Sacramento's updated 2040 General Plan estimates that the city will build 60,000 new houses in the next 17 years. But don't expect many of them to be on greenfields.
The plan reflects both smart-growth principles as well as a goal of limiting greenhouse gas emissions. It projects growth in existing commercial corridors, and the central city.
He said that based on the input of citizens collected over the past few years, his desire was for the city to continue growing in an equitable and sustainable way.
Plan reflects these requests in several ways. It emphasizes walking, cycling and transit options in areas where new housing will be built, and expands the types of housing that are allowed in neighborhoods zoned for single-family houses.
Mendoza admitted that the idea of duplexes or triplexes being built in these neighborhoods is a source of concern for residents. He said that increasing density would also mean more amenities in those neighborhoods.
He noted that some residents raised the issue of ensuring adequate city services for an increase in density. He added that some residents have accepted the idea of higher density.
The plan update does not envision growth of the city by annexing land for development. He said that the costs of infrastructure as well as other impacts caused by sprawl make it a good idea to build around existing infrastructure.
Environmental justice is another important aspect, as it's a requirement of state law. The plan considers how many neighborhoods have access to fresh food, open space and healthy activities and how much pollution they experience.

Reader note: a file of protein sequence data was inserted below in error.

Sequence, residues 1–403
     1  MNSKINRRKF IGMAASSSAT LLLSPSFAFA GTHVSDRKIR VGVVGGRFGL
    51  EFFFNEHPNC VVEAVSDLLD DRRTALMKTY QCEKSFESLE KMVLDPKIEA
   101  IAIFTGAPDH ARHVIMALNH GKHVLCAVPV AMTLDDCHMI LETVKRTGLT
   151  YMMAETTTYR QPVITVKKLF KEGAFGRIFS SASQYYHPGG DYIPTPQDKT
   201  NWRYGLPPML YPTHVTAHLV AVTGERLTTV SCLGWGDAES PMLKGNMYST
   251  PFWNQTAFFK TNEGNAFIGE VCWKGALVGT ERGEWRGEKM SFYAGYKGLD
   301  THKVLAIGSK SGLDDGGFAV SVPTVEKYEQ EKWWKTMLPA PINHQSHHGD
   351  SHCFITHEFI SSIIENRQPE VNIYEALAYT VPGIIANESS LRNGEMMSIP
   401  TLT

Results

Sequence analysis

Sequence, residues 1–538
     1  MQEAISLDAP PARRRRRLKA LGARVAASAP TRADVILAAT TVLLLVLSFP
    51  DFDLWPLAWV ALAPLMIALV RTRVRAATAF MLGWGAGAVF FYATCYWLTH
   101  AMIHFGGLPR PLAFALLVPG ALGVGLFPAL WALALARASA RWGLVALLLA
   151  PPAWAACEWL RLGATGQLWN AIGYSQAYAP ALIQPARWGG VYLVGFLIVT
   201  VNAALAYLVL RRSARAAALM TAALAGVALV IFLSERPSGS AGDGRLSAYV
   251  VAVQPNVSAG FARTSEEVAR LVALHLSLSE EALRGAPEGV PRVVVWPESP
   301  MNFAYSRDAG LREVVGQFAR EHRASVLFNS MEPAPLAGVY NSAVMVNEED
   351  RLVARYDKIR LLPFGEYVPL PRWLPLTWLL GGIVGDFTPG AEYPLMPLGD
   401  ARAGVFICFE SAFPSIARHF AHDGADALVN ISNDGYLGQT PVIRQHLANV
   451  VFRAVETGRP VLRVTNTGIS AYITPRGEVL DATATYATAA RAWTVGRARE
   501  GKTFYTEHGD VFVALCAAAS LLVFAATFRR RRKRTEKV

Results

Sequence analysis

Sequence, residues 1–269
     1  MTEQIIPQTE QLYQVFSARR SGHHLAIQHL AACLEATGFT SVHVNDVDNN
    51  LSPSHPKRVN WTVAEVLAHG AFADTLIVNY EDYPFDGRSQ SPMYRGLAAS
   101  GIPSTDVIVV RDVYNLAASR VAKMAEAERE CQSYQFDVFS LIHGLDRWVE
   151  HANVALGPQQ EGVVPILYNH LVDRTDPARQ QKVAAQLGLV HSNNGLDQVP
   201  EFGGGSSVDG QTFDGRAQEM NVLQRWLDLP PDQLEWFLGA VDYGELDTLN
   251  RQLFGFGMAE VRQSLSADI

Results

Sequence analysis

Mendoza stated that one city goal would be to ensure residents could walk to parks or open spaces in no more than 10 minute, as a way to address environmental injustice.
On June 5th and 29th, city planners will host webinars to introduce and explain the Plan Update and its components. They will also guide interested parties on how to comment. The comment period is open until the end of August.
The city will then make any necessary adjustments in response to comments, and issue a final report on the environmental impact of the plan update. This will be released by the end of the summer. Sacramento City Council will likely see the final version of the update in early 2024.
Mendoza stated that while Sacramento updates its General Plan five times a year, not all jurisdictions update theirs. Mendoza said that updating the General Plan on a five-year cycle increases flexibility while also taking into account changes to state law.